Deep in the countryside of Sasaguri, Fukuoka prefecture, is one of Japan's most impressive Buddha statues. With a heatwave sweeping across the country, we ventured out to discover the peaceful beauty of Nanzoin temple and its surrounding nature.
We start our journey at Hakata station in downtown Fukuoka. Many train lines run through here, including Japan's high-speed Shinkansen trains that connect Fukuoka from it's island on Kyushu to mainland Japan. The station bustles with daily commuters and those looking to enjoy Fukuoka and its surrounding heritage attractions. Hakata station is also the perfect place to pick up a bento (prepared lunch box) for your journey. We pick out some delicious sandwiches from Evah – a deli that creates delicious macrobiotic vegan dishes. Before we board the JR Sasaguri line, we grab a couple of drinks – we'll definitely need to cool off in this heat!
It's the late morning, so luckily there are plenty of available seats on the train. The carriage is cooled by air conditioning that hums loud enough to appreciate its effort. On the opposite platform, a couple of trains come and go as we wait to depart. Small groups of families, late commuters and school children make their way into central Hakata. The platform clears and the conductors signal to each other to continue on. Our train is ready to depart. The wheels begin grinding forward and over the speaker we hear the upcoming stops. This will be a quick journey, taking only around 25 minutes (5 stops) to reach Kido Nanzoin-mae Station.
As we head East from Hakata station, the cement dwellings of downtown Fukuoka city quickly clear to reveal the lush countryside. Traditional Japanese houses appear, some overgrown with vines and all bearing the character of a life lived just outside the reach of day-to-day city living.
The train picks up speed and shuffles every now and then to the changing of the tracks. We pass through tunnels that run under mountains and begin following a river below. We catch glimpses of families splashing in the soft currents. It's the middle of summer with temperatures reaching over 40℃, and like us, it's fun to see others cooling off outside!
We're already enjoying the greenery, and it isn't long before we reach our stop. The temple is only a few minutes walk away from the station according to Google Maps. Moments after stepping off the carriage, we are reintroduced to the loud buzz of cicadas and the stunning heat. Kido Nanzoin-mae station has all the charm you would expect from a rural train-stop. The wooden beams holding up the faded corrugated roofing are worn and sun-kissed. Traditional tiles run along the plastered walls separating the wild forest from the well-lived cement platform. We've noticed the beautiful signage that welcomes you to train stations around Fukuoka, and here we are happy to see the familiar nostalgic lettering once again.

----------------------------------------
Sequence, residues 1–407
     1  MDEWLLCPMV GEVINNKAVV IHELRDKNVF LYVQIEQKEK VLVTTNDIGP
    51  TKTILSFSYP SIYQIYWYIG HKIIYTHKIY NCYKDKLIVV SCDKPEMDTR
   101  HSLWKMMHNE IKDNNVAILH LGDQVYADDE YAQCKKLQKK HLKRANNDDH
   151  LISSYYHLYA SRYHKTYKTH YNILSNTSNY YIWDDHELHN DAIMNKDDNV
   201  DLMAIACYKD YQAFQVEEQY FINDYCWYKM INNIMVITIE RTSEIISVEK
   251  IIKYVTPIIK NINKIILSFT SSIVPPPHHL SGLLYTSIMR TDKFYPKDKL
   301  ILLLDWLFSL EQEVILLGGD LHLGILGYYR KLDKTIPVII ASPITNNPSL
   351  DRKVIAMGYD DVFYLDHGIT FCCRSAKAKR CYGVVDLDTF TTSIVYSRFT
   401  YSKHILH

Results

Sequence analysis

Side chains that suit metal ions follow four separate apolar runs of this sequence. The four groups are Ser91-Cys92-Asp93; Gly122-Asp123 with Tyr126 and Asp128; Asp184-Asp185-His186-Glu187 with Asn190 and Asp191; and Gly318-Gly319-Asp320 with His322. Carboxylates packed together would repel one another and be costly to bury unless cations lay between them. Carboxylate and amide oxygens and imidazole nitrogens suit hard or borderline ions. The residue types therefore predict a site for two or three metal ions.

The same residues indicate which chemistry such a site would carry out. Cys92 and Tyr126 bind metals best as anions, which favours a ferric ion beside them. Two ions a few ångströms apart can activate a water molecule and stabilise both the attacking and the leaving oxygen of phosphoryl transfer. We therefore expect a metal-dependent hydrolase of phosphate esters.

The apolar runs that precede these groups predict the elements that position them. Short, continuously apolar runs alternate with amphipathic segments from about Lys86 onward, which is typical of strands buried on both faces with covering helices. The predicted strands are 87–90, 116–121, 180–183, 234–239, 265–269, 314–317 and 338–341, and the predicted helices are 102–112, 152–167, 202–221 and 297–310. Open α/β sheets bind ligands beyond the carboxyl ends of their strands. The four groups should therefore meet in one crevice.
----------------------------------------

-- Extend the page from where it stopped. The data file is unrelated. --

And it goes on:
A ticket master sits in the comfort of his shaded room at the exit gate. He offers a welcoming grin and a shallow bow as we pass through. There is a colourful poster outlining the surrounding stations and train lines. Next to it is a vintage JR ticketing machine. It's easiest to navigate Japan's train lines with electronic IC cards, but it's always lovely to see the paper tickets available. A woman is taking refuge from the heat inside a wooden paneled waiting room. She fans herself while waiting for a ride.
We cross a bridge running over the river we saw from the train. The current is low, and it's nice to hear its flow under the cicada's loop. A small town sits along the main highway. The corner store has locals chatting to each other inside, while outside a Shiba-Inu takes shelter under a table selling traditional snacks. There's no doubt he's feeling the heat, but he still manages to offer us a large grin that Japanese dogs never seem to be without.
After a short 2 minute walk, we get to the base of the walkway leading up to the temple. Buddhist ornaments line the walkway, and a soft stream flows down on our way up. An elder Japanese couple point and comment on the beauty surrounding us. It's lovely to share the wonder of our surroundings with people who have perhaps enjoyed it many times before.
We pass temples tucked into small pockets on the mountainside before discovering an enormous statue and dozens of small buddha ornaments. The peaceful harmony between nature and its inhabitants offer us a chance to truly relax and get lost in slow thoughts. It's an unlikely chance to find refreshment in the summertime heat, but we're glad to have found it.
We search for the giant reclining Buddha that Nanzoin temple is renowned for. After a bit of hunting, we find the entrance thanks to a beautifully painted map outlining the surrounding paths. We continue on, following a long straight passage lined with hundreds of bronze plaques. On the other side, we pause to take in the greenery that surrounds the small town below. It's a beautiful day.
A monk passes us by on our way up to discover the Buddha statue. It's presence is immediate and impressive. Weighing over 300 tons and stretching over 40 meters in length, its stature is a striking contrast to the calm mountainside where it resides.
We slowly make our way back down the mountain and towards the station. We never tire of taking Japan's trains. Their charm and character always make for a peaceful journey. As Fukuoka city approaches, we reflect on the wonders that are tucked away around every corner of Japan. We feel revitalized, even after being under the beating hot sun and we can't wait to see where our next mountain train journey will take us.
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